lues have been discovered there in
et ing that his brother, lieiton Town
end, the young lawyer, was murdered,
lnd thatt his house wais set In iirie to
onceal the cr1ime. H1is~ brothier ihad
ollected the afternoon be:ore his death
Johrge sum of mLoney.~ andi carried1 it
iome. The fact that he had a~ cons-id
arable sumi of nioney wast k ;eno to
several part ies. H-!is nearest nehIi rhr
who as theC !rst onel to ra ih the
ouse after the fire broke. "'u 11ound tile
rot door of the blonse unlocked. M\r.
owsend's roomi w.'as tur fu l f
tames andl thle heat wa:s intenl.r. aml Iit
was impossile to get at hun. H is body
was so terrib'~lI burned1 th at no evi
lene of foul iday coiubI be found. A
ledctve wil lI beI engged to run downvi
Ezema, s"alp eov'ced with eruptiois
lotors proveni va.lueleni P. P. P. was,
tried and the hai r began orowv again,
not a pimple can be seen. an ' P. P.
1gain proved itself a wonder34 skin
Comineld PCKE!T ALXTAAC
and MIEMORA NDT:M BOOK
rdvetising BROWNS JROi ;NTTER
the best Tonie, giv en a,a.y atDrug and
K .emBrB 5t0?eS. Apply at once.
ra iy A3iete(d it:i it .t Sores and
n2ently Cured by Cut:cura.
Iirint tiie surnmer of 1,A) my eighteen
ion ths'oil inf:mi was -) aillicted with erup
i(,tis ti'at orditnar.v domestic remedies failed
0 liV'e any relief. ()i his hips would o:tn
pear the seetnini track if a :ittlc wire-like
orma. ::d on o,ther parts of his body bad
r: ca:n." and ren:ained till ! procured the
-ti 'ira Renitdies. For sorne timtie 1 used the
.:a aul saiVe without :1 blood iedicilne.
1: ' t le-- d in t it, so well as wi- -n : al wtr
is-"i I e:. i la:o now been r.eariy a year
in,t :w urpti:in was healed. and I very
u+iI ftare.t t would returu with the warmi
-ather of this ,ear, but the summer is
'ass: and not one sore hasappeared on hini.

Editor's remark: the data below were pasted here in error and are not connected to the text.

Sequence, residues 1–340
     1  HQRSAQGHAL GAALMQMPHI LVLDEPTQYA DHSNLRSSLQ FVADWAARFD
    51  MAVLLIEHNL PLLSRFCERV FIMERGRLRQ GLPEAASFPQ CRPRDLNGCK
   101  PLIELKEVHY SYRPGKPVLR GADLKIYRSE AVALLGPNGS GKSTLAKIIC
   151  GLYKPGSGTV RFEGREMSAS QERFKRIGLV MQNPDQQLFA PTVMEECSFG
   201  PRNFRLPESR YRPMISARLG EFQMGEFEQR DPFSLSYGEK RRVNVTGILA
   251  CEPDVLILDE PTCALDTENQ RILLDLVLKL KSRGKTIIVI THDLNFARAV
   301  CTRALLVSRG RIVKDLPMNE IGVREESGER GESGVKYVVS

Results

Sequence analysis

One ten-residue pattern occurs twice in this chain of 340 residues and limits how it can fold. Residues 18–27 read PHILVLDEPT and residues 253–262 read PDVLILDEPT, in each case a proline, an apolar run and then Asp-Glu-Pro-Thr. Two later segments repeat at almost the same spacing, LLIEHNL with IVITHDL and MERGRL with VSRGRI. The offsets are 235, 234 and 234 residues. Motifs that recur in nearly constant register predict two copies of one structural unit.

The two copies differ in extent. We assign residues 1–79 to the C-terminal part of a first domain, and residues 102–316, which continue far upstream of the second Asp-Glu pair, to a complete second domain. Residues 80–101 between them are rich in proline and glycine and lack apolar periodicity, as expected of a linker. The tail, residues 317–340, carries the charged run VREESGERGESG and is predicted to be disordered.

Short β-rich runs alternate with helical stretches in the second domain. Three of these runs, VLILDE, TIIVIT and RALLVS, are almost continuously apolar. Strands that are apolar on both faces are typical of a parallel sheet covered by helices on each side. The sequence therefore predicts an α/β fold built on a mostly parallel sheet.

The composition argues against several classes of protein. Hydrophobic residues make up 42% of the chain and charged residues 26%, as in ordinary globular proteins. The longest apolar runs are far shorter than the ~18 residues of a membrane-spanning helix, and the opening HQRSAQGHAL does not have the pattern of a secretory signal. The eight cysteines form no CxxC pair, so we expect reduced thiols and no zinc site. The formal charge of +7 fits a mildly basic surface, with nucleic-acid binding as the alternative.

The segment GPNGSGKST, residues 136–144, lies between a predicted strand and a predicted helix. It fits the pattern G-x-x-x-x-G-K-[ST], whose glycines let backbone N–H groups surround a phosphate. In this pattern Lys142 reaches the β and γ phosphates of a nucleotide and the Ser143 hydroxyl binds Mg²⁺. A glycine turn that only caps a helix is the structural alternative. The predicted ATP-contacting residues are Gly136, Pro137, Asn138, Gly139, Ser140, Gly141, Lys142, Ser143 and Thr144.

M is. A. M. W.iu., Carson viile, Ga.
Sore From Waist Down.
I ,:.t thbree o.f p,- i.s t ysici::)i, in Pad u
-a. :t nl i'y -lid n- no 011.d. I u-ecd your
'u-iura i. e::iieIi"s. and they iave cured me
i,i:nd arn( will.. I w;as sore from my waist
i tw wit h eeiia. They have cured me
Vith no sign of returv. I owe my life to Cuti
ira. for wit:hout a doubt. I would have beti
a ;sv grave had it :ot 'een for your rente
ics. Allow ine to return my sincerest t.hanks.
W. 11. tLUALLS. Paeucah, Ky.
If thr- thousands of little babies who have
>Otn cured of agonizing, itching. burning,
lterlin;. :,ealy, and blotchy skin and scalp
iases iould write, wlhat a host of letters
could be re'cived by the proprietors of the
.'uitina eitiedies. Few can appreciate the
i",ty these little ones :;trbr, and when these
tri:t rerneiliis r,"ieve in a single application
.h mo- dist r""ssing ceznmas and itching and
aurn:in skin dis-ases. and point to a speedy
ndi pernianent etire, it is positively inhuman
lt to uie ti(e'n without a Inoment's delay.
Sold everywh-rr-. Price, CUTreuRA. '>).
4o A), :5c. IFsoLVENT. 1. Prepared by the
POT IR I'iut- ANu CIIr.M.L CoRPioRATION,
i., - Sc:d for " !ow to Cure Skin Discases."
B 1nv Skin and Scalp purified and beau
BAB titicd by CuiTIC:R. SOA-. Absolute
. OW MY SIDE ACHES!
' Aci ngil Sdt,: anl lack, 1lip, Kidney
' and I"'"ine Paiis and Ithetiatism
. reliei in one nainute by the
i'et ticura Anti-Pain 'Iater. the
nid ouly instantaneous pain-killing plaster.
C'apt. J. D. Johnston.
'.o all W/h t i mayl conecrn: I take
great pleva:isure in teftifying to the ellica
couls qualitits of the p. ptltar remedy
for irpttttins of th' -kin:, kn('wl as 1'.
1'. '. I sttiered for severa! years with
.m unih;:i(i disag'eeabe eruption
(n or u iac, '.tni tried varintts reiedies
Ii rei'o iO n ne of which accomp
list'(i the ob,jecTut tintil this valuabke
p, rep.rnt '.i wti r::=(irted to. After
i:king thr botl.is in accordance with
dtior ls I am .n;ow cntireil cured.
J. D. JOH NSTON,
Of the ir-n of .JItston & Douglass,
A fact that . :tu with gray and
mlaniV shad:t'(t wha!er-s should know,
that Bnki:tham's D)y(t always colore
a ren brown or black at will.
iiE CITIZENS OF THE TOWN
of Newberryt aie requested to
tieett in the Opera House on 'Inursday,
the 19th iqtaut, at 4 P. M., to consider
the questioi of Watcr Works and
E':IeeOtric Lights for the Town.
JA.S. K. P. OGUGANS,
March 1, 11 .:,I Mayor.
- WIL L SELL ON FRIDAY, THE
. 20th dlay oh Mrch,l 1S91, at puiblic
oterv-, at thte late resideuce of Mrs.
.Jane'C. Peterson, deceased, near Siiver
Street. the personal property of the
said .Janie C. Peterson, deceased, cou
5stini: of Househiold and Kitchen Fur
n Iture, .ee. TJermus of sale-Cash.